(V) In addition to any other sentence imposed upon a person for a violation of any criminal law under this title, any person convicted of a second or subsequent conviction for any crime, the underlying factual basis of which has been found by the court to include an act of cruelty to animals, shall be required to pay a mandatory minimum fine of one thousand dollars and shall be required to complete an anger management treatment program or any other appropriate treatment program.
(VI) Nothing in this paragraph (a.5) shall preclude the court from ordering treatment in any appropriate case.
(VII) This paragraph (a.5) does not apply to the treatment of pack or draft animals by negligently overdriving, overloading, or overworking them, or the treatment of livestock and other animals used in the farm or ranch production of food, fiber, or other agricultural products when such treatment is in accordance with accepted agricultural animal husbandry practices, the treatment of animals involved in activities regulated pursuant to article 60 of title 12, C.R.S., the treatment of animals involved in research if such research facility is operating under rules set forth by the state or federal government, the treatment of animals involved in rodeos, the treatment of dogs used for legal hunting activities, wildlife nuisances, or to statutes regulating activities concerning wildlife and predator control in the state, including trapping.

(b) In the case of any person incurring a second or subsequent conviction under the provisions of paragraph (a) of this subsection (2), a sentence of imprisonment within the minimum and maximum terms for a class 1 misdemeanor as provided in section 18-1-106 shall be mandatory and shall not be subject to suspension, nor shall such person be eligible for probation or parole for any part of such period. A plea of nolo contendere accepted by the court shall be considered a conviction for the purposes of this section.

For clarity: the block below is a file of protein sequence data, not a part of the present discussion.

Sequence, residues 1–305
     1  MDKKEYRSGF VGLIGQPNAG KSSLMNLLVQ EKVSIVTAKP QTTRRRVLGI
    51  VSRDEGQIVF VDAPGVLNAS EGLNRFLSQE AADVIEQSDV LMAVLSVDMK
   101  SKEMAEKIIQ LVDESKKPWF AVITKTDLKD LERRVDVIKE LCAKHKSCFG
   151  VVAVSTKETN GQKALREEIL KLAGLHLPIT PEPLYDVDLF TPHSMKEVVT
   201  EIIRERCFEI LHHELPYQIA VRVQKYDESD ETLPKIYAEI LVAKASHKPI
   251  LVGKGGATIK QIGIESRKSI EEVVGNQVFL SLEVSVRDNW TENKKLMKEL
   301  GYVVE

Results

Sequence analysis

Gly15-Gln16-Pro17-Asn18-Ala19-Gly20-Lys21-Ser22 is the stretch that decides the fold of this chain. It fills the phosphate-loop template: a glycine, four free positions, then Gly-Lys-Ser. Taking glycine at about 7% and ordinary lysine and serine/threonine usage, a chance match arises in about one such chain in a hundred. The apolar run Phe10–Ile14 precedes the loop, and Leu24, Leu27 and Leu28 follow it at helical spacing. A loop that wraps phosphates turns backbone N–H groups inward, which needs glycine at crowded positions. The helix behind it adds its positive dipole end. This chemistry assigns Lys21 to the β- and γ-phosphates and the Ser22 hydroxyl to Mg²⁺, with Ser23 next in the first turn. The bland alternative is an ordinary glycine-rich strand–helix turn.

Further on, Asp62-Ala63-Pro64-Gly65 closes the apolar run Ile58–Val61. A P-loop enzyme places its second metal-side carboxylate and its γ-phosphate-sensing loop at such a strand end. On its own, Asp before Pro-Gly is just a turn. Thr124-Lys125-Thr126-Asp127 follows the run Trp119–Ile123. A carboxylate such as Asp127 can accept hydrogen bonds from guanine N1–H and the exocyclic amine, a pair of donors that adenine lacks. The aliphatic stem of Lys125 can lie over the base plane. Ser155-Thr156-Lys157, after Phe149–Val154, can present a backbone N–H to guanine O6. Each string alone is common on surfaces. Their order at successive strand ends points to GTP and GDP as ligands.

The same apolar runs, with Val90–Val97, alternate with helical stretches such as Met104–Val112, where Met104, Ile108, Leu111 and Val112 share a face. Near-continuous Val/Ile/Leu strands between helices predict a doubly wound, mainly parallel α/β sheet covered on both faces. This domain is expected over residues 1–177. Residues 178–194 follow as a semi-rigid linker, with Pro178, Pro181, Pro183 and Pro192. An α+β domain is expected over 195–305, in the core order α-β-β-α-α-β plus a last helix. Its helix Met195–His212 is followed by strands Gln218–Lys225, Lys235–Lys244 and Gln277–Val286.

(3) Nothing in this part 2 shall be construed to amend or in any manner change the authority of the wildlife commission, as established in title 33, C.R.S., or to prohibit any conduct therein authorized or permitted.

18-9-206. Unauthorized release of an animal--penalty--restitution

(1) Any person who intentionally releases any animal which is lawfully confined for scientific, research, commercial, legal sporting, or educational purposes or for public safety purposes because the animal has been determined to be dangerous to people, has an infectious disease, or is quarantined to determine whether or not it has an infectious disease without the consent of the owner or custodian of such animal commits the offense of unauthorized release of an animal.

(2) Unauthorized release of an animal is a class 2 misdemeanor.

(3) Any person who is convicted of unauthorized release of an animal shall be ordered to pay restitution for any damages resulting from such release, including the cost of restoring any animal to confinement, the cost of restoring the health of any animal which is released, the cost of any damage to real or personal property which is caused by a released animal, or any cost which results if the release causes the failure of an experiment, including the costs of repeating the experiment, replacement of any animal released, and the cost of labor and materials associated with such experiment.



18-9-207. Tampering or drugging of livestock

(1) As used in this section, unless the context otherwise requires:

(a) "Exhibition" means a show or sale of livestock at a fair or elsewhere in this state that is sponsored by or under the authority of the state or any unit of local government or any agricultural, horticultural, or livestock society, association, or corporation.

(b) "Livestock" means any domestic animal generally used for food or in the production of food, including, but not limited to, cattle, sheep, goats, poultry, swine, or llamas.

(c) "Sabotage" means intentionally tampering with an animal belonging to or owned by another person that has been registered, entered, or exhibited in any exhibition or raised for the apparent purpose of being entered in an exhibition.

(d)(I) "Tamper" means any of the following:

(A) Treatment of livestock in such a manner that food derived from the livestock would be considered adulterated under the "Colorado Food and Drug Act", part 4 of article 5 of title 25, C.R.S.;

(B) The injection, use, or administration of any drug that is prohibited by any federal, state, or local law or any drug that is used in a manner prohibited by federal law or the law of this state or any locality thereof;

(C) The injection or other internal or external administration of any product or material, whether gas, solid, or liquid, to an animal for the purposes of deception, including concealing, enhancing, or transforming the true conformation, configuration, color, breed, condition, or age of the animal or making the animal appear more sound than the animal would appear otherwise;